Lauren Cox is a graduate of Colorado State University (B.S. in interior design, ’13). She currently lives in Denver and works as a design program manager at Havenly, with previous experience as a showroom manager and project manager at another Colorado-based company. To learn more about Cox and her current position, read her interview below.
Describe your current position and some of the responsibilities that come with it.
Currently, I am a design program manager at Havenly, an online interior design and e-commerce platform based out of Denver. My main responsibilities involve providing day-to-day support for our team of 300+ eDesigners and providing advice and guidance with their design-related questions. Being part of a rapidly evolving start-up also means that we are always innovating on our service and offerings to our clients, so I also provide support to many of the new products or designer roles that we create in order to adapt to what our clients may be looking for.
How has COVID-19 changed operations for your company and industry, and how are you responding to it?
We at Havenly are in an advantageous position because we are part of an industry that is seeing a lot of growth and shift towards virtual design and furniture shopping, so the negative effects of COVID-19 have not felt nearly as impactful as they have in so many other industries. We were already well-established for virtual interior design prior to the COVID-19 outbreak, since we have operated as an eDesign platform since the company’s inception. Of course, this does not mean that we have continued with “business as usual” during this time. The interior design industry as a whole has seen some significant shifts, since it’s been challenging or nearly impossible, in some cases, to continue meeting with clients in-person, shopping for furniture in a brick and mortar showroom, or visiting a local design center. Now that people are seeking out virtual design services even more these days, our eDesigners are much busier than they were even just a few months ago.
Why did you decide to pursue your current career path?
Prior to beginning my studies at CSU, I knew that I wanted to work closely with people, and I wanted to have an impact on the way they lived their day-to-day lives. Plus, I had a knack for interior design, so pursuing a career in this field seemed like a no-brainer! Even though I am not currently working as an active interior designer, I am still heavily involved in the industry, and I have carved a niche for myself to be able to support other designers who are working to build their careers and establish a place for themselves within this industry.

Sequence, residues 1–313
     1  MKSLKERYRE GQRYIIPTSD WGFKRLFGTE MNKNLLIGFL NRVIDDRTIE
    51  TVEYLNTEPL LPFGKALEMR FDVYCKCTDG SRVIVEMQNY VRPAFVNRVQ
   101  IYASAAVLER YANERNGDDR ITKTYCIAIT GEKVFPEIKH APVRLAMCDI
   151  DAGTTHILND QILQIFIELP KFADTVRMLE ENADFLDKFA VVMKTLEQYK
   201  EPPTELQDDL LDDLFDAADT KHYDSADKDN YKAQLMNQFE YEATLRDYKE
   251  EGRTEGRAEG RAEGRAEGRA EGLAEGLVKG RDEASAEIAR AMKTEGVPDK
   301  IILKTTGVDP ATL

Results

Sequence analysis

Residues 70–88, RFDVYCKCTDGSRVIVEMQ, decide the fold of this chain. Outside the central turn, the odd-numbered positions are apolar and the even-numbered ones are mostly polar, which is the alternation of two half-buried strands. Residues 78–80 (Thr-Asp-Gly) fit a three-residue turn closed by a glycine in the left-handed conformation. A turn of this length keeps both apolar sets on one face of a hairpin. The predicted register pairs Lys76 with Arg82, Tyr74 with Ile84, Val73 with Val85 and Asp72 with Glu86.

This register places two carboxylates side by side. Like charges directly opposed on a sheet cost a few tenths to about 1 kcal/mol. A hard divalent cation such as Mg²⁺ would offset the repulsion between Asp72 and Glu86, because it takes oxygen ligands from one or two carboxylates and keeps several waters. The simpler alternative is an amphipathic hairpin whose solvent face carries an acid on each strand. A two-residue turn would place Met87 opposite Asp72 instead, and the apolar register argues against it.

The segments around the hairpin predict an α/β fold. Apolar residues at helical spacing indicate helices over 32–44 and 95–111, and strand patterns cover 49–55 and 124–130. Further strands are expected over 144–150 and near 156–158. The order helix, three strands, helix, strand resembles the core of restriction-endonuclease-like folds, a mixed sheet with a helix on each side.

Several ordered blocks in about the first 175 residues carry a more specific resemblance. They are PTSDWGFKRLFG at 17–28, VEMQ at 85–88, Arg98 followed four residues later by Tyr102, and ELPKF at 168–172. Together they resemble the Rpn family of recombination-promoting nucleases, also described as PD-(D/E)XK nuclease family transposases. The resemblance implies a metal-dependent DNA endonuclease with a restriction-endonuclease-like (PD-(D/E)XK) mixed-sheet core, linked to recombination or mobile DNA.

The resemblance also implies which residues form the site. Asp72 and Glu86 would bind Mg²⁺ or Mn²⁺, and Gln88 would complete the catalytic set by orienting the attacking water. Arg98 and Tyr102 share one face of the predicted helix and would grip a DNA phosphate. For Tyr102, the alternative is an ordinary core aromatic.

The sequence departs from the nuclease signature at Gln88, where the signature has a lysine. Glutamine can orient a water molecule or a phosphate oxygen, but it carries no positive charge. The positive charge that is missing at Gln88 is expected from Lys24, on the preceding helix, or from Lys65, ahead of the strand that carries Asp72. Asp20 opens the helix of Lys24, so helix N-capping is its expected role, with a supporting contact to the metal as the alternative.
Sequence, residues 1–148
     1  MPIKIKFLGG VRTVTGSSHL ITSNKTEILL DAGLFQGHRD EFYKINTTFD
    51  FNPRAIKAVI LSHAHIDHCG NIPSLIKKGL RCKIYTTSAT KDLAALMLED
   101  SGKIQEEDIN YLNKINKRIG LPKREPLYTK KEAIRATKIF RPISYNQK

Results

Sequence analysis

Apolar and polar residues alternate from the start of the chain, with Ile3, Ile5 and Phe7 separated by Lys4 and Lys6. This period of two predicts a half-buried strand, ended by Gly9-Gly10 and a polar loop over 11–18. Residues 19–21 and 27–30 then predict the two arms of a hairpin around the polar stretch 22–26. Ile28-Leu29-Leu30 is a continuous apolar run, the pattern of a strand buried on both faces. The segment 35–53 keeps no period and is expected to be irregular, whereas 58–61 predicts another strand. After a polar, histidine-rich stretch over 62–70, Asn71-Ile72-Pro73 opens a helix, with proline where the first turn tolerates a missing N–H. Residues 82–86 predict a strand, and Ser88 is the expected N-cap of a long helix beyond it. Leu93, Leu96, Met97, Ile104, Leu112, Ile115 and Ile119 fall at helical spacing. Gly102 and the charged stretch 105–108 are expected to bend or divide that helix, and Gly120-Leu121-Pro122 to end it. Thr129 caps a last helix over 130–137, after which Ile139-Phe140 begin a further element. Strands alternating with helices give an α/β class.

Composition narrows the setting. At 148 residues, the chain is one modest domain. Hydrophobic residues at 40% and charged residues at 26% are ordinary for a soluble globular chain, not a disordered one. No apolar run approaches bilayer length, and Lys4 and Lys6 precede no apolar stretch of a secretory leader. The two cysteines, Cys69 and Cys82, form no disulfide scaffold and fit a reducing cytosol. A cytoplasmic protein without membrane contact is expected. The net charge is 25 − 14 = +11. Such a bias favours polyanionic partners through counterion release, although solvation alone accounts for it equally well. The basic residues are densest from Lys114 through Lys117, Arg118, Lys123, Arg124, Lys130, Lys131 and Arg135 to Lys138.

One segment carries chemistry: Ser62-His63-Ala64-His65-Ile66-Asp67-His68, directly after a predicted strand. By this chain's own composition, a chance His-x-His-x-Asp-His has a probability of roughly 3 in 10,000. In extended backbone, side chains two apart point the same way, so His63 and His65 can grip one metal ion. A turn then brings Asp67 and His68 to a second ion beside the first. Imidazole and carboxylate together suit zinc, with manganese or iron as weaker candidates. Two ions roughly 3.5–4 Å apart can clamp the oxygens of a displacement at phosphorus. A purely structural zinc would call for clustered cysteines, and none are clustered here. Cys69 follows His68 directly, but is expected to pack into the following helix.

How have your education and experiences at CSU and the College of Health and Human Sciences helped you in your career?
It goes without saying that I would not be where I am today without my degree and in-depth studies from CSU. But, my time at CSU was filled with so much more than just lectures and studios that helped to support my career — my involvement with clubs and councils played a crucial role in my career development. During my final year at CSU, I held the position of President for the CHHS Dean’s Leadership Council, and the experiences and opportunities I was exposed to while in this role will stick with me for years to come. Being a part of the Council gave me the confidence to lead and manage, the patience to understand concerns and ideas from my peers, and compassion to lean in when a little extra support is warranted.
What advice do you have for students looking for a full-time job in your field?
If I take anything away from 2020, it would be that flexibility and diversity of skills are key for success, no matter what field students ultimately end up pursuing. Within any field — but especially a creative field like interior design — it’s all too easy to “specialize” in one software, one style, one realm of design, etc., but it’s abundantly clear now that anyone niche could be dissolved or completely transformed in the blink of an eye. My one piece of advice to students would be to explore as many passions or areas of interest as possible and to develop transferable skills within a few of those areas through job shadowing, involvement in related organizations, or even taking online classes to expand their knowledge. You don’t need to be an expert in all of your areas of interest, but it sure does help to have other passions and strengths to explore while building your career, and it’s especially helpful to have other strengths to call upon during extreme circumstances as we have already seen so much of this year.